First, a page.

There may be no vaccine yet for the rapidly spreading COVID-19 virus. But scientists are now testing both existing and experimental therapies to see if any are effective in treating the new coronavirus.
Among the drugs being tested are new and existing antiviral therapies. And one candidate that’s showing promise is a drug that’s been in use for more than a half-century
The drug, chloroquine phosphate, was originally developed to fight malaria.
“It’s also been shown to be very effective in treating patients who have autoimmune diseases like lupus,” said Judith James, M.D., Ph.D., Vice President of Clinical Affairs at OMRF. “We use it to treat hundreds of lupus patients at OMRF.”
In China, researchers tested the drug in a multicenter clinical trial to treat pneumonia associated with COVID-19. Preliminary results indicate that the drug appears to show some efficacy as a therapy.
Scientifically, said OMRF’s James, it would make sense that an anti-malarial drug might also fight an infection caused by a coronavirus.
“When malaria gets inside a cell, if you change the pH with a drug like chloroquine phosphate, the malaria can’t live,” said James, an immunologist and rheumatologist. “The same goes for a virus like COVID-19. If you change the pH, the virus cannot assemble, and if it can’t assemble, it can’t infect you.”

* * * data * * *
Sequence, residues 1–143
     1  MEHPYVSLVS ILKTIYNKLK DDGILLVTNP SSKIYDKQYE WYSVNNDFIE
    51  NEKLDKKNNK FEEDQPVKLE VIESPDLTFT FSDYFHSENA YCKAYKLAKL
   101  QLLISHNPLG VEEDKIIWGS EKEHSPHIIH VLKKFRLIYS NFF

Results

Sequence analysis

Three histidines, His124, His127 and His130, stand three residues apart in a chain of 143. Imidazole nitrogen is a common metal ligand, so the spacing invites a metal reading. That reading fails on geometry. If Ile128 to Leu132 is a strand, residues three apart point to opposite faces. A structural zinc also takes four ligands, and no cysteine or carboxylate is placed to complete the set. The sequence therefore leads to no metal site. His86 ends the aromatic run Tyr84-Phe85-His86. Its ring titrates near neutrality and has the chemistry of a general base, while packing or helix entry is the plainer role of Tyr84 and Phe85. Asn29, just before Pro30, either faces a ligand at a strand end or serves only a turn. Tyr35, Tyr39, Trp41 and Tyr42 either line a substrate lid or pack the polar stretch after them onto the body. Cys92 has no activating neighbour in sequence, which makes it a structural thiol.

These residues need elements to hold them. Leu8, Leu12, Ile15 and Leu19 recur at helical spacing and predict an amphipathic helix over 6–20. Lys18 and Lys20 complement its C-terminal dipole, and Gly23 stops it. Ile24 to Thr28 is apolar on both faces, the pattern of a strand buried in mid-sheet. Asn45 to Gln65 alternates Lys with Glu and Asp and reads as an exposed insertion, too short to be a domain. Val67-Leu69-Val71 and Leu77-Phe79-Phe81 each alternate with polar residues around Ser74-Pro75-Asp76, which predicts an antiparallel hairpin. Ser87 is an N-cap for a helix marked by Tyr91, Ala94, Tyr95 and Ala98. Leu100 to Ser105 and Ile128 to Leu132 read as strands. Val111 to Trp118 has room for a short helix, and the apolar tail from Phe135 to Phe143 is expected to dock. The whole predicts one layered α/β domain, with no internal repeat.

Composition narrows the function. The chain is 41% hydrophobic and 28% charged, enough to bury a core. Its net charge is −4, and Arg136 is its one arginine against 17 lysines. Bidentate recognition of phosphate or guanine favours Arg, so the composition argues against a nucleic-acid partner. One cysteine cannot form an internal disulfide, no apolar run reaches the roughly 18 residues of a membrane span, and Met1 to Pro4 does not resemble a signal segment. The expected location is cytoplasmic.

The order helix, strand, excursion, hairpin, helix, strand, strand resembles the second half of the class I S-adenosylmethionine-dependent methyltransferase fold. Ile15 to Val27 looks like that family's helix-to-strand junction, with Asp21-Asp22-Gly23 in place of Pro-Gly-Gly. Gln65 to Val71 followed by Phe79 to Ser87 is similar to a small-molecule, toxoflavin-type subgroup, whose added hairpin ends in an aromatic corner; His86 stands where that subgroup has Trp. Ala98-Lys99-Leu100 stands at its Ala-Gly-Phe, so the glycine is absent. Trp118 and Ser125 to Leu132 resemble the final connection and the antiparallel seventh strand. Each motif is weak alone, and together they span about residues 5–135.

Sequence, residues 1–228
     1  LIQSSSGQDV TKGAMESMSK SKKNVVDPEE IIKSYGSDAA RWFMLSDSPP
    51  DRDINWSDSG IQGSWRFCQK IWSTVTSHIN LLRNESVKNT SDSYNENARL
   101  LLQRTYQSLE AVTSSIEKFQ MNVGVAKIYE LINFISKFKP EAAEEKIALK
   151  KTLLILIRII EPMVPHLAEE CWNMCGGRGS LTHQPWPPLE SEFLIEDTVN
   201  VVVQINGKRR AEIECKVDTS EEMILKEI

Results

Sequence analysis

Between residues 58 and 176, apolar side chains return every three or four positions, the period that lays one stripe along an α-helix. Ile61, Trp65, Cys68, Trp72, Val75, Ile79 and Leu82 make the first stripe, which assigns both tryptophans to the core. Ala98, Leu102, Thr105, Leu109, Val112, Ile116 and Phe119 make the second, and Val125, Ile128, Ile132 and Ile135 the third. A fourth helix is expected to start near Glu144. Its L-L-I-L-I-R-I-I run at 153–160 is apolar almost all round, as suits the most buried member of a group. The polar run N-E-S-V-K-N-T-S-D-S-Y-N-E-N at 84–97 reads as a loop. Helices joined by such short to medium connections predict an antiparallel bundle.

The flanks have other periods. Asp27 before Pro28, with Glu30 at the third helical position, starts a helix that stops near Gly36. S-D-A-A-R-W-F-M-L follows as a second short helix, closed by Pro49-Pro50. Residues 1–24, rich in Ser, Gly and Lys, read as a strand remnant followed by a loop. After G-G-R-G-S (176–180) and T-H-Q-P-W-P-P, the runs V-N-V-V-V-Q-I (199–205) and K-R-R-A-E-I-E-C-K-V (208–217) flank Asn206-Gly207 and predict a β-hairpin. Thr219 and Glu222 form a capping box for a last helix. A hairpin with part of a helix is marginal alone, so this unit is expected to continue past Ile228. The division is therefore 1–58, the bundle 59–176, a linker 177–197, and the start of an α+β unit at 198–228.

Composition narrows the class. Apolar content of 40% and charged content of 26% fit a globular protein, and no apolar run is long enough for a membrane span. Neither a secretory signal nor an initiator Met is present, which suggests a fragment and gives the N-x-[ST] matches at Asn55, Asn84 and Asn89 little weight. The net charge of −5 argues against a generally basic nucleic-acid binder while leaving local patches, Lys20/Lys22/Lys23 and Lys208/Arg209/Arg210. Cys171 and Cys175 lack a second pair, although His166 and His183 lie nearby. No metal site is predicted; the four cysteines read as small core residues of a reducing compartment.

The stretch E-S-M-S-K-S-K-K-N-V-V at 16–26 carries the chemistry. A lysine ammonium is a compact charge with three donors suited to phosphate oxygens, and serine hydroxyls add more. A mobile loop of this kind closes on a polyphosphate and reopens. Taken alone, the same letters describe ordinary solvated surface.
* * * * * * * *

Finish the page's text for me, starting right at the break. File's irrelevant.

James explained that repurposing existing medications is often the fastest path to treating those infected by the virus in a novel way.
“That would be really exciting, because it’s a drug that already has FDA approval, and it is readily available,” she said. “If it works, it might treat COVID-19 almost instantly.”
Wider studies are now underway to confirm the results.
In the meantime, James and health officials at the CDC are warning against using unapproved medications claiming to treat or prevent COVID-19. She also cautioned that antibiotics will not work for coronavirus, either.
“Antibiotics are used to fight bacterial infection. It’s great if you get strep throat or have a staph infection, but COVID-19 is a virus, and viruses are not attacked or slowed in any way by antibiotics,” James said.
For patients who develop mild symptoms, doctors recommend resting, staying hydrated and using over-the-counter medications and pain relievers as needed. More severe cases often require hospitalization, with oxygen therapy to help breathing.
If you or a loved one develops severe symptoms, James said, “Be sure to call your healthcare provider before you go. That will help them prepare for your visit and prevent others from being infected.”